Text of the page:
As great as he was as a player, Michael Jordan was also a Hall of Fame trash-talker. Even in retirement, Jordan could dominate the conversation so well even other notable talkers decided to shut it down.
Jordan is governor of the Charlotte Hornets, purchasing a majority share of the franchise in 2010 after joining the club as a minority shareholder in 2005. But he is also a player that needed three tries to get retirement right. In retirement, Jordan’s trademark competitiveness still shone through in pickup games against NBA players.
After all, he does not like to lose, and he hates to be embarrassed.
No shortage of Michael Jordan trash-talk tales
As an NBA player, Michael Jordan was legendary. But just as memorable were the things he told opponents before, during, and after dismantling opponents. It wasn’t something that came later in his career, either.
During the playoffs in his second season, Jordan told a golf partner from the Boston Celtics that he would do some things to defensive stalwart Dennis Johnson the next day. Then His Airness delivered one of his most iconic performances, a 63-point eruption.
That was a lesson learned the hard way by one longtime NBA player.
Stephen Jackson lived through the Jordan experience
Early in the 2009–10 season, the then-Charlotte Bobcats acquired veteran Stephen Jackson from the Golden State Warriors. Ageless coach Larry Brown was in his second season with Charlotte, and the Bobcats were aggressively pursuing the franchise’s first playoff berth since its return to the NBA in 2004.
Jackson wasn’t in Charlotte for long; he was never anywhere for long — he played for eight teams in 14 years, after all. But he was there long enough to have a memorable exchange with Michael Jordan.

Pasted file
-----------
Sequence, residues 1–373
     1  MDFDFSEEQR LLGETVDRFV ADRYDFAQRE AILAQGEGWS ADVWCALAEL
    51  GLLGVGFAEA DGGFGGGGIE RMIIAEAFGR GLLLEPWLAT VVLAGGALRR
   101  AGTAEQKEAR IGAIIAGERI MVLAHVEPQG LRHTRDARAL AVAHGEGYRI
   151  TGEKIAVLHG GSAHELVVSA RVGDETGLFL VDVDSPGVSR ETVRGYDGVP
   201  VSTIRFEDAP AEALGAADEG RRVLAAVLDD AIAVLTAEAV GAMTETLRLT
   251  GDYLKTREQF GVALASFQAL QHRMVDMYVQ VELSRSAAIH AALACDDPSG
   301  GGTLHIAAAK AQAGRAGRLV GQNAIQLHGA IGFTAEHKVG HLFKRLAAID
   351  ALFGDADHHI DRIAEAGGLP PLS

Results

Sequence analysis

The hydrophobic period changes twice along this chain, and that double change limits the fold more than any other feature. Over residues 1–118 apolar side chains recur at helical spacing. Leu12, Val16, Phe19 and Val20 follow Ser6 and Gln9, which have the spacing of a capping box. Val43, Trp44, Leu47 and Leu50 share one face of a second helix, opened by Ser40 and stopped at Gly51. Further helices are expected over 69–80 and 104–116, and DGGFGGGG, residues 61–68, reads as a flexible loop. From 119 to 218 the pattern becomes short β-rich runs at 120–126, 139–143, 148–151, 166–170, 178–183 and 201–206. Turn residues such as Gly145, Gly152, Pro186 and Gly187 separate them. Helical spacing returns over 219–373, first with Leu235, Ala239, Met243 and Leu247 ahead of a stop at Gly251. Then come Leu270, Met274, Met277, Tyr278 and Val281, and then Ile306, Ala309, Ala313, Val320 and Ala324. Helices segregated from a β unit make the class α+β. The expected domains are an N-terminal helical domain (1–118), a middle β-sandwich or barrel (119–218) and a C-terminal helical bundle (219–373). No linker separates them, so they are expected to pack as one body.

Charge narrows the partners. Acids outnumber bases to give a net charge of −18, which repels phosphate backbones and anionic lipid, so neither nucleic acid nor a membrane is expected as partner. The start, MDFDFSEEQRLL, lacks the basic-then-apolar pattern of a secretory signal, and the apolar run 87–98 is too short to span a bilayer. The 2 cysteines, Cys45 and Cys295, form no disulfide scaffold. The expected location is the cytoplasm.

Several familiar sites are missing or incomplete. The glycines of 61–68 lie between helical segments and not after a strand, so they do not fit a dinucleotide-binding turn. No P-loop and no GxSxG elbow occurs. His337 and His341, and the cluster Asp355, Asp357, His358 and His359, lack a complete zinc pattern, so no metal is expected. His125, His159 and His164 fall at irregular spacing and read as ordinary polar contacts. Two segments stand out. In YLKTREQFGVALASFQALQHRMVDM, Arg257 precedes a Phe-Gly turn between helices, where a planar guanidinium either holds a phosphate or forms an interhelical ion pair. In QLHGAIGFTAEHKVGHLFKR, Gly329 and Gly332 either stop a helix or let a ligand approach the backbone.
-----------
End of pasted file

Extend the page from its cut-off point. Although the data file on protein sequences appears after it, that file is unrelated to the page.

Despite being in his late 40s at the time, Jordan couldn’t resist the urge to get back on the court in pickup games against his players. Jackson remembered one of those games because of MJ’s infamous mouth working overtime and talked about it during a September 2017 appearance on ESPN’s The Jump.
“He didn’t go by anybody; he really wasn’t dominant. But he was talking all the trash in the world. So, you know me, I’m trash-talking (from) the year in the Big 3, so obviously, I did trash talk back to him, which was a mistake because if I didn’t know anything about all Michael Jordan’s accomplishments, I knew that day.
“OK, he told me about all the championships, everything he’s done (for the) sport (like) points scored. And he reminded me I was on his team. At that point, I felt that trash-talking was won by him. You’re right, I’m on your team, and you do pay my check.”Stephen Jackson
Jackson laughingly wondered if that was the incident that cost him his shoe endorsement.
Michael Jordan hasn’t stopped talking
Now 58, Michael Jordan hasn’t shied away from boasting. That shone through during 2020’s The Last Dance documentary series. You can take the player out of the game, but in his case, you can’t take the competitiveness out of the player. He looks for activities to help him defuse it, but it’s always there.
That sometimes plays out in his relationships. A decades-long friendship with Dream Team cohort Charles Barkley ended over criticism of Jordan’s work in the front office.
During his third NBA iteration with the Washington Wizards, Jordan wasn’t shy about making promises and keeping them. But he didn’t think that competitiveness was his biggest asset. Instead, Jordan believed it was his knowledge of the game that made the difference for him.
It has been nearly 20 years since he played his final NBA game, and the debate rages over who is the GOAT. There is only one answer for a generation’s worth of fans, and it’s Michael Jordan.